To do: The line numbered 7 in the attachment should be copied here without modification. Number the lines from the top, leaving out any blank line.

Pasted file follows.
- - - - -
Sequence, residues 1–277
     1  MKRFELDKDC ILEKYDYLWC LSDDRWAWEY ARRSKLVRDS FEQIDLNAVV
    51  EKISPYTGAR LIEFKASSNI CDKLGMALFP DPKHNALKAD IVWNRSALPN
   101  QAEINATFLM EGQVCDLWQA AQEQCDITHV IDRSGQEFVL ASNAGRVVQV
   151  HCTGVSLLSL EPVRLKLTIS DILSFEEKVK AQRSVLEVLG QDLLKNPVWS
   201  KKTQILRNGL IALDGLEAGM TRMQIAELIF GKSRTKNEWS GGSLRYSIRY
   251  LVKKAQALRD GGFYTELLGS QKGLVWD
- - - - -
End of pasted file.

   251  LVKKAQALRD GGFYTELLGS QKGLVWD